An anonymous reader writes: After struggling for the past several years, Mandriva has finally gone out of business, and is in the process of being liquidated. The company was responsible for Mandriva Linux, itself a combination of Mandrake Linux and Conectiva Linux. When Mandriva fell upon hard times, many of the distro's developers migrated to Mageia Linux, which is still going strong and just putting the final touches on its next major version (5).
An anonymous reader writes: The Associated Press reports that an online service provided by the IRS was used to gather the personal information of more than 100,000 taxpayers. Criminals were able to scrape the "Get Transcript" system to acquire tax return information. They already had a significant amount of information about these taxpayers, though — the system required a security check that included knowledge of a person's social security number, date of birth, and filing status. The system has been shut down while the IRS investigates and implements better security, and they're notifying the taxpayers whose information was accessed.
An anonymous reader writes: In the aftermath of the derailment of an Amtrak train in Philadelphia a couple weeks ago, the company has caved to demands that it install video cameras to monitor and record the actions of the engineers driving their trains. The National Transportation Safety Board has been recommending such cameras for the past five years. Amtrak CEO Joe Boardman says the cameras will improve train safety, though the engineers' union disagrees. In 2013, the union's president said, "Installation of cameras will provide the public nothing more than a false sense of security. More than a century of research establishes that monitoring workers actually reduces the ability to perform complex tasks, such as operating a train, because of the distractive effect."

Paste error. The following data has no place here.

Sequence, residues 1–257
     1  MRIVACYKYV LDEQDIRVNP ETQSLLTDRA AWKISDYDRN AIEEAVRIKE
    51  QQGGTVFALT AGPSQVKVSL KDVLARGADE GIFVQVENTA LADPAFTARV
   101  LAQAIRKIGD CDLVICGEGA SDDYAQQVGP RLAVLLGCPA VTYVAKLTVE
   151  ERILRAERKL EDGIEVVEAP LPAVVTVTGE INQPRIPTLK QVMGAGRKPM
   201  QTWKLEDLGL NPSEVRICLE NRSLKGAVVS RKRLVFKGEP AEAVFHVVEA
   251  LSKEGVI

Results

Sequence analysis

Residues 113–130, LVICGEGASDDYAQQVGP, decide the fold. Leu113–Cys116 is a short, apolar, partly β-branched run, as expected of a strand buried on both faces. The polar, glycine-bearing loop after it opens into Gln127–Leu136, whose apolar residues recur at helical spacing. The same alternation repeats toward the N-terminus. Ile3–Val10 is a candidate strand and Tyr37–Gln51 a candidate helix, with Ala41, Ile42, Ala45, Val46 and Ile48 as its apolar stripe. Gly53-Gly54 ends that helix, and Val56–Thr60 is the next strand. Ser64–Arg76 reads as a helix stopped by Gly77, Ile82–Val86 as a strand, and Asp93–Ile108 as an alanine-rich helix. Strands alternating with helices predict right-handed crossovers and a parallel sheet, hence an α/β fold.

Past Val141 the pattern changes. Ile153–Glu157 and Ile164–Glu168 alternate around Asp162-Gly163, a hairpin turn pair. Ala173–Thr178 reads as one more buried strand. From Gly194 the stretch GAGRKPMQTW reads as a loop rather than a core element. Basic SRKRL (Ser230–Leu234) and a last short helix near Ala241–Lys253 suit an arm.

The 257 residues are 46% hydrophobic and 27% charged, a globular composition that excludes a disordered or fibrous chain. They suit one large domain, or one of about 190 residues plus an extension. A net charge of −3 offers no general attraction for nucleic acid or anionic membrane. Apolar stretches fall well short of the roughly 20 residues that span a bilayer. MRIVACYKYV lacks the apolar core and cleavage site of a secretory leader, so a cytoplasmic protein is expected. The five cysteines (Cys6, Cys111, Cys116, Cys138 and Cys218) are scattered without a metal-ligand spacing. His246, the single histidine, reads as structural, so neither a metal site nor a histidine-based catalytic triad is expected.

Erik Möller. This video is the moving picture equivalent of the typical Slashdot summary of a text article, complete with a link to the main article, which in this case is a video (over an hour long) at PassionateVoices.org. Erik's interviewee, Sumana Harihareswara, is also a long-time Slashdot reader who claims (admits?) that she met her husband through a Slashdot link, albeit indirectly. She's spent most of the past decade working with open source, much of it as a community leader. If you are in a leadership role in an open source community or plan to lead one someday, you may want to listen to the complete interview. Sumana has many useful things to say about how open source communities should -- and shouldn't -- be run.